OMG, this is a must read! Against the Trap of Efficiency: Mortality, Meaning, and the Antidote to the Time-Anxiety that Syphons the Joy of Life, Maria Popova, The Marginalist…

… MP is one of my main spiritual guides and in this post she strikes spiritual gold, so to speak:

The exercise instantly clarifies — and horrifies, with the force of its clarity — the empty atoms of automation and unexamined choice filling modern life with busyness while hollowing it of gladness. What emerges is the sense that making a meaningful life is less like the building of the Pyramids, stacking an endless array of colossal blocks into a superstructure of impressive stature and on the back of slave labor, than like the carving of Rodin’s Thinker, cutting pieces away from the marble block until a shape of substance and beauty is revealed. What emerges, too, is the sense that the modern cult of productivity is the great pyramid scheme of our time.

… and then there is this quote from the book MP is telling us about:

Most other resources on which we rely as individuals — such as food, money, and electricity — are things that facilitate life, and in some cases it’s possible to live without them, at least for a while. Attention, on the other hand, just is life: your experience of being alive consists of nothing other than the sum of everything to which you pay attention. At the end of your life, looking back, whatever compelled your attention from moment to moment is simply what your life will have been.

… this is the foundational idea of what this blog is about!…

What i read…

Exclusive: Nadia Lee Cohen’s Powerful Portraits of Strong Femininity, Ted Stansfield, AnOther Magazine… Nadia Lee Cohen turns the idea of Male/Female gaze into something quite different…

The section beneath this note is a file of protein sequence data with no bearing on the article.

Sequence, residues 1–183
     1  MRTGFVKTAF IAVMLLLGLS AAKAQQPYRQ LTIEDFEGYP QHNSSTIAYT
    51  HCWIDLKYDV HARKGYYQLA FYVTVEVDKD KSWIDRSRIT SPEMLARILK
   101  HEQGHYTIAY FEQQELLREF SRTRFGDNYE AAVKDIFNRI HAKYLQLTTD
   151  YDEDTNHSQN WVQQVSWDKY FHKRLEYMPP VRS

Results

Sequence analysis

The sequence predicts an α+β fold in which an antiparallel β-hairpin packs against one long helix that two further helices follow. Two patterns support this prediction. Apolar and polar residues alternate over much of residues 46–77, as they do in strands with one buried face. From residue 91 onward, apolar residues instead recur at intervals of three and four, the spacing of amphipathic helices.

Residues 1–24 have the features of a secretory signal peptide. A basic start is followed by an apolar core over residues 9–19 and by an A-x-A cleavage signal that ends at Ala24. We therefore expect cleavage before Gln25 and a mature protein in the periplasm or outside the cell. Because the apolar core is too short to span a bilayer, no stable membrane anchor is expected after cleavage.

Power is the key word here – these images vibrate with the stuff. They confront you. Command you. Compel you. Meet your gaze head on. And they are full of contradictions, too: simultaneously retro and modern, they draw on a legacy of British and American cinema, but feel new and current. Likewise they are staged and stylised, but at the same time real and irrefutably raw. Meanwhile, the women themselves display both a vulnerability and a strength, presenting a fictional character and also their true self, or at least a version of it. It’s hard to look away and even harder not to feel something.

… i read that this project took six years to accomplish… i admire the discipline of a woman in her 20’s… i imagine they have fierce ambition and incredible focus…

Inside Nadia Lee Cohen’s New Book of Chameleonic Self-Portraits, Ted Stansfield, AnOther Magazine… not a unique idea, but a unique execution of the idea…

Place: Ikea Parking Lot, Anelise Chen, Believer Magazine… i plunge in to reading the article and immediately like it… as i am reading, i get the strong impression that i am inhabiting the thoughts of a woman… i knew, without having seen who the author was, that it was a woman…